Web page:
Post date: 
Friday, 12 June 2015

In the UK young people with a vision impairment are reluctant to use equipment that marks them out as different. An iPad might be ok, but is using a magnifier or telescope a recipe for social disaster? Young learners with low vision benefitting from Project PAVE in Tennessee challenge this view.

In the UK we often place more emphasis on providing large print learning materials than on learning to use low vision aids to access regular print. But Project Pave in the US provides vision impaired students with vision services.

“Project PAVE has helped improve my life. It has given me tools to succeed in school and offered devices to try out in hopes of improving my performance at no cost,” explains Seth. 

Maddie said: “I like the dome (magnifier) because I can really see what is on the paper, such as when I look at doll catalogues. I can see pictures, prices and descriptions of the items. The telescope is really great at school because there are times when I need to see things across the room and I don't have to get up and move closer. When I used the telescope to look at houses across the street, I was able to see house numbers, flags, trees and other details I didn't know were there.”  

What do parents think?

Angela Thompson is very positive about the project. “As a former eye care professional, I see the in-depth support this program provides across the state, giving parents more understanding of their children's needs.” 

Bonnie Lawry Heim, a parent, said: “On a regular basis, Brandi McRedmond would work with my daughter, and the tools Project Pave generously distributed. I never felt alone as a parent. I had a team working with me to help my child. As she got older, it was so helpful to have project PAVE speak to my daughter’s teachers as an advocate. Brandi would explain to the teachers her condition and visual educational needs.  Project PAVE was my lifeline in raising my child with ocular albinism”. 

Ginger McMullen, a parent and teacher of students with visual impairments, said: “My daughter was trained in the use of a hand-held magnifier. These skills benefited her when she added a video magnifier to her “tool box” of assistive technology. She used a hand-held magnifier for reading throughout her education; she continues to use one daily in her job and for independent living and leisure activities.”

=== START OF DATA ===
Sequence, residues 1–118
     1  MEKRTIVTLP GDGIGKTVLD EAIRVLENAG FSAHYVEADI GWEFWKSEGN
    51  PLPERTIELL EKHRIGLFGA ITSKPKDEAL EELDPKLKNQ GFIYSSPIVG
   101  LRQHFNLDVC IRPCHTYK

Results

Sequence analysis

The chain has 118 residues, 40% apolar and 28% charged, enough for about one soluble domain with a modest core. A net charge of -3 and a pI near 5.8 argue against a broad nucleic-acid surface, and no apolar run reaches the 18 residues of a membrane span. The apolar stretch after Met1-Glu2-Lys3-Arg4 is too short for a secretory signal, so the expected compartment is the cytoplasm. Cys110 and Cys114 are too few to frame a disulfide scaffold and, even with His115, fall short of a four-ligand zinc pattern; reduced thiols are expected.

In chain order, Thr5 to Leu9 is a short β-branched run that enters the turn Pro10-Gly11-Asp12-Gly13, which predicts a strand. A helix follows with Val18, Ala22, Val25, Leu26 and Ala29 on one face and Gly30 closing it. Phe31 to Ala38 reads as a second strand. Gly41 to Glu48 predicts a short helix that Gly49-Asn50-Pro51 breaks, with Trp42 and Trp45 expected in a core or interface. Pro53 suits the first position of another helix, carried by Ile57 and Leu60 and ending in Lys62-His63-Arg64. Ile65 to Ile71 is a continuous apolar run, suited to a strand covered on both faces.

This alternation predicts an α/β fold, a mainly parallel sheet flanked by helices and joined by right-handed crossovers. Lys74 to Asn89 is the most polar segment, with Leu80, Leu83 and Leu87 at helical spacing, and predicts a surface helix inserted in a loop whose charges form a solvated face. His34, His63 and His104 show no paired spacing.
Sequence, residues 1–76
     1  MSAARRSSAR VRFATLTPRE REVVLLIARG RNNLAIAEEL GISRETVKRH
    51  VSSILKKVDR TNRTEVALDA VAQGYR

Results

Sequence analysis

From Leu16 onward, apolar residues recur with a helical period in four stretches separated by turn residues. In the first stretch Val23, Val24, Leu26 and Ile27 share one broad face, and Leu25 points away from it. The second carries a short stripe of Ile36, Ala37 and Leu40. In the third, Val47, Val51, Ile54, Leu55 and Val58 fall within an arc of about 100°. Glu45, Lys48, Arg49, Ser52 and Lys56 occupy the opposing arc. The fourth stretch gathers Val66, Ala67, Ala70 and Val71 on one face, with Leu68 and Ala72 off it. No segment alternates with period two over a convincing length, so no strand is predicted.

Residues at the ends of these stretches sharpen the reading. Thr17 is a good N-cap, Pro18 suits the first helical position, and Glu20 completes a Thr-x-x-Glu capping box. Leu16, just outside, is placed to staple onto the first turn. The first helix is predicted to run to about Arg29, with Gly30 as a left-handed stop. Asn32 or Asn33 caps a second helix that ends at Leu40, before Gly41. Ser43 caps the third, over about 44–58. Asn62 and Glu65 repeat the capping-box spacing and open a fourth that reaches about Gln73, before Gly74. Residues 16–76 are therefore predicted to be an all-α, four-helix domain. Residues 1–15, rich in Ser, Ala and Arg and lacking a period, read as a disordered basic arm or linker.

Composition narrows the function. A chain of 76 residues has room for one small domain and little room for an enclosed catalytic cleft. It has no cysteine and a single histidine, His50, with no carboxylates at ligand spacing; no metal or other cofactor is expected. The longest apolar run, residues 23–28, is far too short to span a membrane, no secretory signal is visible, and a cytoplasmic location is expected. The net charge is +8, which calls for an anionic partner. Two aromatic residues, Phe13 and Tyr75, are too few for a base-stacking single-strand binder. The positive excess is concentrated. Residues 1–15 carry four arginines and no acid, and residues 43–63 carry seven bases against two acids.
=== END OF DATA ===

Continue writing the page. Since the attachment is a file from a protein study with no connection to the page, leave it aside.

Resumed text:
Parent Lisa Hanner said: “Lauren was taught that she could do anything she wanted. The Project PAVE staff encouraged her to use every tool and resource available to help her achieve her goals. The instruction she received helped her overcome insecurities and excel. The positive and encouraging Project PAVE support system was amazing.  The tools and training were provided in an environment where she felt safe and confident. She learned to evaluate situations, determine her needs, and utilize the resources available to achieve success.”  

So what is Project PAVE?

Brandi McRedmond explains: “PAVE stands for Providing Access to the Visual Environment. The project is funded by the Tennessee Department of Education. It supplements the vision services provided by the student’s local educational agency. It’s open to students, aged three to 21 years old, who meet state guidelines for either low vision (partial sight) or legal blindness.    

“A doctor who specializes in low vision carries out a clinical low vision evaluation, recommends optical devices and then students are trained to use them in the setting in which they learn best. This might be at home or at school, depending on where they feel most comfortable and confident. 

Along with a principal investigator, the highly skilled staff include a program manager and two educational consultants, who train the students post evaluation. The services include training the student in their preferred educational setting, educating the parent and teachers about the skills needed for using optical devices. We also participate in educational meetings and disseminate information at conferences. 

The hand-held optical devices recommended compliment mainstream technology such as iPads. While mainstream technology sometimes may not work for example if the battery is dead, hand-held optical devices stay functional. And they fit into handbags and pockets, so are easier to carry and use anywhere. Project PAVE has enhanced services for students who are visually impaired in Tennessee for twenty years and has evaluated over two thousand participants.  

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